This report is about the failure of the government, specifically public school officials, teachers, and administrators, to fulfill their obligation to ensure that all youth enjoy their right to education in an environment where they are protected from discrimination, harassment, and violence. No child should have to go to school in survival mode. No school district should heave a sigh of relief when yet another gay student has dropped out, allowing the district to claim that "there are no homosexuals here."

Despite what some adults may want to believe, lesbian, gay, bisexual, and transgender youth are everywhere-growing up in rural communities, in small towns, in suburbs, in immigrant communities, in communities of color, in inner cities, in religious communities, and on the streets. Their sexual orientation and gender expression are two pieces of the mosaic of their identity. Every youth deserves to be treated with respect and to be protected from violations of their human rights, including to be free from discrimination, harassment, and violence and to be encouraged to learn and to grow intellectually and emotionally without being asked to deny an essential component of his or her identity.


Human Rights Watch conducted research for this study from October 1999 to October 2000 during visits to California, Georgia, Kansas, Massachusetts, New York, Texas, and Utah. Two researchers from two divisions of Human Rights Watch interviewed 140 youth between the ages of twelve and twenty-one for thisreport. We also interviewed 130 adults, including youth service providers, teachers, administrators, counselors, and parents.

We developed a list of questions on key topics for these interviews in consultation with a youth advisory group and based on discussions with attorneys, researchers, and advocates and a review of news accounts, academic research, and legal cases. Guided by our checklist, we asked open-ended questions, with the exception of a few queries for demographic information such as age, school grade, and self-identified sexual orientation and gender identity. While we did not adhere formulaically to our questionnaire in every interview, we did ask each person about every one of the subjects addressed in this report. Most of our individual interviews with youth lasted between forty minutes and one hour.

We attempted to interview youth of diverse ethnic and racial, socioeconomic, and geographic backgrounds, including youth who lived in rural areas as well as in urban and suburban locations. We identified youth through local service providers, attorneys, and local chapters of the Gay, Lesbian, Straight Education Network (GLSEN) and Parents and Friends of Lesbians and Gays (PFLAG). We chose this approach because we wanted to be able to refer youth to appropriate resources if we found that they were in immediate need of support, and we wanted to ensure that we interviewed a large number of youth in each of the states we visited.

We arranged interviews through youth groups and other support groups in two ways. Some groups permitted us to make presentations at their regular meetings after discussing our project and the purpose of our visit at prior meetings. In those cases, we introduced ourselves, described the work of Human Rights Watch, outlined the scope of our research, and invited those who were interested to speak with us individually after the presentation and a general question-and-answer session. Other groups identifed youth who were willing to speak with us and arranged individual appointments for us.

In our discussions with group coordinators and in our introductory presentations, we attempted to ensure that youth understood that they were free not to participate, that they could end the interview at any time, that we would publish a report based on our interviews, and that we would not publish their names or other identifying information . We also repeated these statements at the beginning of each interview before asking youth whether they were willing to talk with us. We did not keep track of the number of youth who declined to be interviewed, but we observed at many group meetings that between one quarter and one half of those who heard our introductory presentations chose not to speak with us individually.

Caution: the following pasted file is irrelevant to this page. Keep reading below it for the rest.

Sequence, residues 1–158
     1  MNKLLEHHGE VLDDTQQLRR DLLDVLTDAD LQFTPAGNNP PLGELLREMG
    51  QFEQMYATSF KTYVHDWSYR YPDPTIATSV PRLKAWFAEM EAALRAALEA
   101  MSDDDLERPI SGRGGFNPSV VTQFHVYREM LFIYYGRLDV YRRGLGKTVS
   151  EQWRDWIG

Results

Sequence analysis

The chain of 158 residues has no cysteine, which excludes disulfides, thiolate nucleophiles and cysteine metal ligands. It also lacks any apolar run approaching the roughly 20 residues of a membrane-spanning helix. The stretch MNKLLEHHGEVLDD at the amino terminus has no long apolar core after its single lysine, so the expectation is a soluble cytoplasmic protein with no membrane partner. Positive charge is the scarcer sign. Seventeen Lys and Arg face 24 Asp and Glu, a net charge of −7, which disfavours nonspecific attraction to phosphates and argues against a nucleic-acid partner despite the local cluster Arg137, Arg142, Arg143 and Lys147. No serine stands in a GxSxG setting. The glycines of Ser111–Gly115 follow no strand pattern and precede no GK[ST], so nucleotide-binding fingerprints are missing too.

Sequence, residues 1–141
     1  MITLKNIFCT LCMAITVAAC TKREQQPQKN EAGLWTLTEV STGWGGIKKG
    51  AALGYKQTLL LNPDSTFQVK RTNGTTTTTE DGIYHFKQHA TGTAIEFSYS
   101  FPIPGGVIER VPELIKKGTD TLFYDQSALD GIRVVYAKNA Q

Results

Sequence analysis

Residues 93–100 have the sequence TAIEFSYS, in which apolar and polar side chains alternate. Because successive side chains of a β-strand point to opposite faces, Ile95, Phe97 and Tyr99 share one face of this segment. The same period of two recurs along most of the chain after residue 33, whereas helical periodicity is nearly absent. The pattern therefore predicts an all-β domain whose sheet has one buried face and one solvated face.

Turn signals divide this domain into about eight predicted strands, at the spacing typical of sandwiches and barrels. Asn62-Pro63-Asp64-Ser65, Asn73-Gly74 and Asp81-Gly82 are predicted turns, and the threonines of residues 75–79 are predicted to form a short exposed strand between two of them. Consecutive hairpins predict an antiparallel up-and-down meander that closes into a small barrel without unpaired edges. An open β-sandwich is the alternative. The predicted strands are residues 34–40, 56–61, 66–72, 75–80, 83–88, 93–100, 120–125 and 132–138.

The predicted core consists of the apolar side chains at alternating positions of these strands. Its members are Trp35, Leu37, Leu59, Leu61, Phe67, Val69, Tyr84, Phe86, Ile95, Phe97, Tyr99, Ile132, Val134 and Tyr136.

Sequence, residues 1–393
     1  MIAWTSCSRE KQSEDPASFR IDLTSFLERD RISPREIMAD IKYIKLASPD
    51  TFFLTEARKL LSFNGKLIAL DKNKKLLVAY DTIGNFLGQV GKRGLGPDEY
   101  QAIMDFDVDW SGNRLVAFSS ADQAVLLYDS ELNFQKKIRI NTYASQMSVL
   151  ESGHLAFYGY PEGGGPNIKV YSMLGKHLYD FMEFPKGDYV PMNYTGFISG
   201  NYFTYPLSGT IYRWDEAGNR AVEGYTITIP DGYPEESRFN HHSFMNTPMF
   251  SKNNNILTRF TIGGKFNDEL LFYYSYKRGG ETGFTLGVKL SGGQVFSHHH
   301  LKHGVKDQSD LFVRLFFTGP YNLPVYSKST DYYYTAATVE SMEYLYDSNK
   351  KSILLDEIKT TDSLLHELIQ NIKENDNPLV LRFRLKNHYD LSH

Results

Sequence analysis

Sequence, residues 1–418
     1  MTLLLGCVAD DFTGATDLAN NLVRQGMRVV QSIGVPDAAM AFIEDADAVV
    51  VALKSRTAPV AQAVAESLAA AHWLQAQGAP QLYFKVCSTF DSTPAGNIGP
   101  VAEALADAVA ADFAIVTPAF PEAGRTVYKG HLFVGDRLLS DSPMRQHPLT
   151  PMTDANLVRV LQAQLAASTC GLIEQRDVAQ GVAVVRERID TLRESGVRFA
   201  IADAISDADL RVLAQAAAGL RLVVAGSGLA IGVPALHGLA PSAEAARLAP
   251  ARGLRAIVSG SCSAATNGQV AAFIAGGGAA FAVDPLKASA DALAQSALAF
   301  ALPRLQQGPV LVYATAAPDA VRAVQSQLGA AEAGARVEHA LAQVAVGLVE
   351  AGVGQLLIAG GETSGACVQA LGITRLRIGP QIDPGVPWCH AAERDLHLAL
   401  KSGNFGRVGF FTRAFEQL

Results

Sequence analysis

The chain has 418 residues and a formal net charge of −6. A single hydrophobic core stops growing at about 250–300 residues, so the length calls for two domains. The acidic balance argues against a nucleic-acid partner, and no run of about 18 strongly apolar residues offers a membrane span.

We recognize that youth who are likely to participate in the groups we met with are not representative of the population of lesbian, gay, bisexual, andtransgender youth as a whole. Our reliance on youth and other support groups meant that we conducted most of our interviews in urban areas, although we discovered that youth who are able to do so often travel great distances to attend these meetings-from other neighborhoods or remote counties, across state lines, and sometimes from hundreds of miles away. Our focus on such groups also meant that we did not interview youth who had not disclosed their sexual orientation or gender identity to others. In addition, the youth we saw had access to support from peers and adults that youth in more isolated areas generally lacked.

We occasionally interviewed youth in pairs at their request. In a few cases, time constraints or the policies of a particular group did not permit us to interview youth individually. Wherever quotations or other information cited in this report came from joint interviews or group discussions, we note that fact.

The names of all youth have been changed to protect their privacy. In addition, we did not name teachers and administrators when they requested confidentiality.

International Standards

We assess the treatment of youth according to international law, as set forth in the International Covenant on Civil and Political Rights (ICCPR); the International Covenant on Economic, Social, and Cultural Rights; the Convention on the Rights of the Child; the Convention on the Elimination of All Forms of Discrimination against Women; and other international human rights instruments. These instruments establish that students have the right to protection from mental or physical harm, the right to freedom from discrimination based on their sexual orientation or gender identity, the right to an education, and the rights to freedom of expression, association, and peaceful assembly. Chapter XI discusses the scope of these rights and the protection they are accorded under U.S. law.

In this report, the word "child" refers to anyone under the age of eighteen. Article 1 of the Convention on the Rights of the Child defines as a child "every human being under the age of eighteen years unless, under the law applicable to the child, majority is attained earlier."

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Dylan N., Nevada
Matt P., New Hampshire
Erin B., Georgia
Anika P., Texas
Dahlia P., Texas
Eric C., California
Wendy Weaver, Teacher, Utah
Nikki L., California
Alix M., Midwestern United States